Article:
Kentucky was “a good poor man’s country” [Footnote: State Department MSS. Madison Papers. Caleb Wallace to Madison, July 12, 1785.] provided the poor man was hardy and vigorous. The settlers were no longer in danger of starvation, for they already raised more flour than they could consume. Neither was there as yet anything approaching to luxury. But between these two extremes there was almost every grade of misery and well-being, according to the varying capacity shown by the different settlers in grappling with the conditions of their new life. Among the foreign-born immigrants success depended in part upon race; a contemporary Kentucky observer estimated that, of twelve families of each nationality, nine German, seven Scotch, and four Irish prospered, while the others failed. [Footnote: “Description of Kentucky,” 1792, by Harry Toulmin, Secretary of State.] The German women worked just as hard as the men, even in the fields, and both sexes were equally saving. Naturally such thrifty immigrants did well materially; but they never took any position of leadership or influence in the community until they had assimilated themselves in speech and customs to their American neighbors. The Scotch were frugal and industrious; for good or for bad they speedily became indistinguishable from the native-born. The greater proportion of failures among the Irish, brave and vigorous though they were, was due to their quarrelsomeness, and their fondness for drink and litigation; besides, remarks this Kentucky critic, “they soon take to the gun, which is the ruin of everything.” None of these foreign-born elements were of any very great importance in the development of Kentucky; its destiny was shaped and controlled by its men of native stock.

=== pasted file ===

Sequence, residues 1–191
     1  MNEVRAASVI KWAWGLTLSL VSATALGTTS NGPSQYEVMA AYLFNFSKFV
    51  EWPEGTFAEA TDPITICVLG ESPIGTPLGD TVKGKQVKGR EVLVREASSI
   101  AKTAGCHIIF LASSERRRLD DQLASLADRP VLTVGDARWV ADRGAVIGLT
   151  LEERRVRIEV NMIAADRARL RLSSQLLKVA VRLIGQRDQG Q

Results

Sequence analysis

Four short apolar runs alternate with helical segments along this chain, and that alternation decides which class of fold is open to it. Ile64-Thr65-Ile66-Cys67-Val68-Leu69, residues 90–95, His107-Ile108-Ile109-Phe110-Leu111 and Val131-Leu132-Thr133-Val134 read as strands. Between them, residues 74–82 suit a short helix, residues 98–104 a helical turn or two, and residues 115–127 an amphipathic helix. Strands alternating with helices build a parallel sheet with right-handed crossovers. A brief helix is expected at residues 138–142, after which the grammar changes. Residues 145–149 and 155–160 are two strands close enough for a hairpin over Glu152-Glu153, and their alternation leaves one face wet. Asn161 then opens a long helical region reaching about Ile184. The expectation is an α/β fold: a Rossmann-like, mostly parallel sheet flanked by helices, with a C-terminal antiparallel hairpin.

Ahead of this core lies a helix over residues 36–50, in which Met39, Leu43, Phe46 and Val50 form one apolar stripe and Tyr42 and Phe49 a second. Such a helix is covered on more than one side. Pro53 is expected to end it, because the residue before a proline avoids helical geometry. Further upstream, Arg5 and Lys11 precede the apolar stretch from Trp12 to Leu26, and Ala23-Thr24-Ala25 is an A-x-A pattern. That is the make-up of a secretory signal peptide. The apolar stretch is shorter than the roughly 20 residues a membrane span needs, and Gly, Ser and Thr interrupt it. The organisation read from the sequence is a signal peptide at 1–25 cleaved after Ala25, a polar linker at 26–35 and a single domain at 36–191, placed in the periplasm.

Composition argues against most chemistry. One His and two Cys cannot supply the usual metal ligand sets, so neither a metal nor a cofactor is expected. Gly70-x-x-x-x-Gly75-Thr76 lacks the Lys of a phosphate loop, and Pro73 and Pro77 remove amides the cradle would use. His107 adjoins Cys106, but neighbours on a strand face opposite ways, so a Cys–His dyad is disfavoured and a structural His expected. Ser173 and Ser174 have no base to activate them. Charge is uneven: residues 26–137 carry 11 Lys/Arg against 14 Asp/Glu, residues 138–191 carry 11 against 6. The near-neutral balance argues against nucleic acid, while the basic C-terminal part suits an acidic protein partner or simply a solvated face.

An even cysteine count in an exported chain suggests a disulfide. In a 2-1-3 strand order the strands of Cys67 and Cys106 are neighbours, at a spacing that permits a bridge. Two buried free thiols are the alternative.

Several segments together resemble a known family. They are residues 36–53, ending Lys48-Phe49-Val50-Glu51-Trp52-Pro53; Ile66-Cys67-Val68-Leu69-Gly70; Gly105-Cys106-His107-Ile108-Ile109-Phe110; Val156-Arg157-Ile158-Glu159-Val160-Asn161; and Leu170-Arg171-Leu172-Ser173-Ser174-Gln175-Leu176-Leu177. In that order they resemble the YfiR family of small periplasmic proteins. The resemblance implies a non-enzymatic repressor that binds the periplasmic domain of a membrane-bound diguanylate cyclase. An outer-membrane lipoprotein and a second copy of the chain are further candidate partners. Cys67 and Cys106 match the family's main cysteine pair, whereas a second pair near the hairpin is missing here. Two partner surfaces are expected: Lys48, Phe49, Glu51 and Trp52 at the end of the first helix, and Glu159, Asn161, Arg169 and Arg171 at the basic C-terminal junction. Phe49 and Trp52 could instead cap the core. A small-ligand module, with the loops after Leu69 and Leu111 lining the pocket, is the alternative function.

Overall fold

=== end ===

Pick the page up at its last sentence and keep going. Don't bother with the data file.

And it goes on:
Character of the Frontier Population.